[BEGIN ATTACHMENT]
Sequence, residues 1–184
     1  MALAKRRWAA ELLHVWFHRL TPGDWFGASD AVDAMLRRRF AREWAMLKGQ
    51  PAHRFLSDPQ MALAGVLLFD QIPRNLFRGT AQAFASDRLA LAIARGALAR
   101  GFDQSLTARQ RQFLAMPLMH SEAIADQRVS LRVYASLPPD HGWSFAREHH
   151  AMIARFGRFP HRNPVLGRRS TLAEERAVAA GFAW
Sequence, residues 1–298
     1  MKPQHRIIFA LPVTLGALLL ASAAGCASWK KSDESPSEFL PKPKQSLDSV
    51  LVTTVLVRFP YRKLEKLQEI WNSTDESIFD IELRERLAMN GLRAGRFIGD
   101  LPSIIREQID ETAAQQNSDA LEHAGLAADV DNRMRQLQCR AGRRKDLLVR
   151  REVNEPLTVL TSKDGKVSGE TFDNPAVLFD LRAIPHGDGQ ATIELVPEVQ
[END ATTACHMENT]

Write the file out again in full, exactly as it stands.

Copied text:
Sequence, residues 1–184
     1  MALAKRRWAA ELLHVWFHRL TPGDWFGASD AVDAMLRRRF AREWAMLKGQ
    51  PAHRFLSDPQ MALAGVLLFD QIPRNLFRGT AQAFASDRLA LAIARGALAR
   101  GFDQSLTARQ RQFLAMPLMH SEAIADQRVS LRVYASLPPD HGWSFAREHH
   151  AMIARFGRFP HRNPVLGRRS TLAEERAVAA GFAW
Sequence, residues 1–298
     1  MKPQHRIIFA LPVTLGALLL ASAAGCASWK KSDESPSEFL PKPKQSLDSV
    51  LVTTVLVRFP YRKLEKLQEI WNSTDESIFD IELRERLAMN GLRAGRFIGD
   101  LPSIIREQID ETAAQQNSDA LEHAGLAADV DNRMRQLQCR AGRRKDLLVR
   151  REVNEPLTVL TSKDGKVSGE TFDNPAVLFD LRAIPHGDGQ ATIELVPEVQ